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States cry for aid but Erskine Bowles and Alan Simpson, co-chairs of Obama's debt commission,...

States cry for aid but Erskine Bowles and Alan Simpson, co-chairs of Obama's debt commission, say states can’t count on the federal government for more budget bailouts. But Illinois Gov. Pat Quinn says comparing her state to Greece is "ridiculous... We have provisions in our constitution that are very protective of those who purchase bonds."
Comments (16)
  • Tim Meador
    , contributor
    Comments (32) | Send Message
    From above


    "But Illinois Gov. Pat Quinn says comparing her state to Greece is ..."


    Despite his androgynous first name, the illustrious Governor Quinn is a man.
    12 Jul 2010, 04:41 PM Reply Like
  • David Levner
    , contributor
    Comments (26) | Send Message
    When large financial institutions became insolvent in 2008, the federal government did not have the appropriate tools to allow them to fail without destabilizing the entire financial system, and hence we had crises and bailouts.


    If U.S. states become insolvent in the next few years, the federal government also does not have appropriate tools. Congress should be pro-active instead reactive and pass legislation now to create some form of bankruptcy or receivership for a U.S. state. But Congress's style is to wait until there is a crisis.


    When I read about the finances of Illinois and some other states, I become angry. The bailout of any state should come with severe consequences including loss of budgetary power, strict financial oversight, investigations and possibly prosecutions.
    12 Jul 2010, 04:58 PM Reply Like
  • Ohrama
    , contributor
    Comments (521) | Send Message
    So, the state problems will be solved by a federal government take over? The federal model would be spend (or bail out) now and postpone the consequences 10 year down the road!.
    12 Jul 2010, 05:07 PM Reply Like
  • woollyB
    , contributor
    Comments (1019) | Send Message
    The better quote from that article is this:


    “The pig is dead,” said Simpson, referring to so-called pork-barrel spending that Congress directs to states. “There’s no more bacon.”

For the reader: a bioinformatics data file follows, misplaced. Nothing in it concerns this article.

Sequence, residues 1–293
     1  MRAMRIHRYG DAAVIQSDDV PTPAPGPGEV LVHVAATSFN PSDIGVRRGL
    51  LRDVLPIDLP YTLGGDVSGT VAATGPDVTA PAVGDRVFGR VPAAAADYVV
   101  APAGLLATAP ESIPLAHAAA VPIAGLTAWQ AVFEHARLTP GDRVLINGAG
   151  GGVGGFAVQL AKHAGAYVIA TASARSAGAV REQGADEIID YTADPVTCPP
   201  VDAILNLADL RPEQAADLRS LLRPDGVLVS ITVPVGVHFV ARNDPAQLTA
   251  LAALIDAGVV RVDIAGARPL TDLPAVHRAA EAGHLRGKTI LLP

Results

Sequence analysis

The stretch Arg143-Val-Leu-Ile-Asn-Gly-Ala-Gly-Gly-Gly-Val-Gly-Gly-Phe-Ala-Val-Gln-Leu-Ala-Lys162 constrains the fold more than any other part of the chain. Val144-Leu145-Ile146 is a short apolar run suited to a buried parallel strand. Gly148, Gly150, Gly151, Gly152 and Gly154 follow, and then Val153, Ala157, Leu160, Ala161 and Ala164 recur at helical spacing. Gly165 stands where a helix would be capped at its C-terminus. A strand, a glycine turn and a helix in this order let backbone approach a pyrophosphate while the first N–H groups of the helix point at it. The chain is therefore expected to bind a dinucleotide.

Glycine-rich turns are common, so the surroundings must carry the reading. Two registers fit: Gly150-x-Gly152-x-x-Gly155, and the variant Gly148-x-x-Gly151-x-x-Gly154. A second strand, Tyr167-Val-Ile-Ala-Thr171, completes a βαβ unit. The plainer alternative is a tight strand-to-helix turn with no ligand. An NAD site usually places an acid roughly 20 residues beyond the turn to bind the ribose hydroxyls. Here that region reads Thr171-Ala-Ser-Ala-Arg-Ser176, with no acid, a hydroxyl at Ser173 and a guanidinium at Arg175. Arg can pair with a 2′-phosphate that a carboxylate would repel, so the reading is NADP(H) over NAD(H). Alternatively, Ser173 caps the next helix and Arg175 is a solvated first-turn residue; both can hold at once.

12 Jul 2010, 04:58 PM Reply Like
  • Poor Texan
    , contributor
    Comments (3533) | Send Message
    It is interesting that the Chicago Public School System was doing so poorly that Mayor Daley (the younger) seized control of the system to 'reform' it. As I recall there wasn't much improvement. A government seizure of state powers, forgetting about the constitutional question, would probably be a similar failure.
    12 Jul 2010, 05:34 PM Reply Like
  • bob adamson
    , contributor
    Comments (4559) | Send Message
    Is it reasonable to suggest that
    1. At least a couple of significant US States will hit the debt wall this year;
    2. Given the fractious state of politics at both the National level and in many States, it is difficult to see a efficient, effective or timely resolution of such a debt crisis should one arise in one or more States;
    3. While not currently seen as major economic issue, the inability to resolve such an impasse could have major economic ramifications (particularly because it would not have been generally anticipated)?
    12 Jul 2010, 05:51 PM Reply Like
  • youngman442002
    , contributor
    Comments (5131) | Send Message
    I don´t see anything happening....and that is how it WILL Crash....the politicians do not have the guts to correct is to much spending..period...they need to cut..but won´ they will just run out of money...people work for awhile..but then they will see that they are not going to get paid...and will revolt..or something...
    12 Jul 2010, 06:59 PM Reply Like
  • Machiavelli999
    , contributor
    Comments (829) | Send Message
    I know I am talking to a wall here (yes I mean you typical, perma-bear SA Commenter), but most of the state's budget deficits are not due to excessive spending.


    Look at South Carolina. Look at Arizona. They all have budget problems. These are conservative states, headed up by prominent deficit hawks.


    The reason? Well, here is a big news FLASH for you. There are two sides to the budget: spending and TAX REVENUES.


    Because of the economy, tax revenues have plummeted. And hence, even with all the cuts that have already been made, its not enough. (And by the way, no matter how much has been cut, it will not be enough for the "youngmans" of the world.)


    There are two solutions. The first course is to cut spending. That's the always the appealing choice. Of course, when people say they want to cut spending they always envision cuts to welfare for poor, lazy, bla...umm i mean, oops, umm..people, yea people.